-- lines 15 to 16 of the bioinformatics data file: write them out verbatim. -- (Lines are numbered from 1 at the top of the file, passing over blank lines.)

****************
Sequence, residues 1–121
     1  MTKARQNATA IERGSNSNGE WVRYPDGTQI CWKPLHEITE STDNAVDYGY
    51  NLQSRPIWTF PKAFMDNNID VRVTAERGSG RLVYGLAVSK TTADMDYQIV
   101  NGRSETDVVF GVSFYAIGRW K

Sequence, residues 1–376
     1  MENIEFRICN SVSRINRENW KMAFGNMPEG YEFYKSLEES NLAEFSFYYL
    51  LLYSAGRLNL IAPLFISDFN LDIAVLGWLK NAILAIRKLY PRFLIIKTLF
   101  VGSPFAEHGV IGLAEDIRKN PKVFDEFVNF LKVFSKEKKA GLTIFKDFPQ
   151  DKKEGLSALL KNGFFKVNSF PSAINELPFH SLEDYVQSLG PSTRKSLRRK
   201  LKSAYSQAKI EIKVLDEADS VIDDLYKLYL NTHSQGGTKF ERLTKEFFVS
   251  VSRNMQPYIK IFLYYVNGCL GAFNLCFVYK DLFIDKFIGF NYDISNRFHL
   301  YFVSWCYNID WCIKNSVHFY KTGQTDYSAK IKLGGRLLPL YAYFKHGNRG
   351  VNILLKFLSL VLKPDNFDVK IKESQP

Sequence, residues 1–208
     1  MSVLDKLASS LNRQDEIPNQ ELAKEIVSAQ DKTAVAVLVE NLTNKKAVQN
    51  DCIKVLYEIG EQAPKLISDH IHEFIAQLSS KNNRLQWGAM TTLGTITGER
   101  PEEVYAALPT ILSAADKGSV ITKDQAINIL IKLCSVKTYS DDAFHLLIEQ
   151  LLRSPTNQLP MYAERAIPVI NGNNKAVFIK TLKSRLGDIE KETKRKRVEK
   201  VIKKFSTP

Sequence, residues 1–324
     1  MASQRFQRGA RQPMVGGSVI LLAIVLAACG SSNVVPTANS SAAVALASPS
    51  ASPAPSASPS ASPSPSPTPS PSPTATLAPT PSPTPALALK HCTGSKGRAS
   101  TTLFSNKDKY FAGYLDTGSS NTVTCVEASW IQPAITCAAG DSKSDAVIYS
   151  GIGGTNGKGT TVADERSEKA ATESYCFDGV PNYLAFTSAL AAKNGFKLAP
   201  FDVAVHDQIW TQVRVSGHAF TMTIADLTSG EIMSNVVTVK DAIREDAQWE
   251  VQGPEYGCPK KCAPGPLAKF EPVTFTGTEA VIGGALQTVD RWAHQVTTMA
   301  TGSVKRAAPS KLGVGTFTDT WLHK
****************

     1  MSVLDKLASS LNRQDEIPNQ ELAKEIVSAQ DKTAVAVLVE NLTNKKAVQN
    51  DCIKVLYEIG EQAPKLISDH IHEFIAQLSS KNNRLQWGAM TTLGTITGER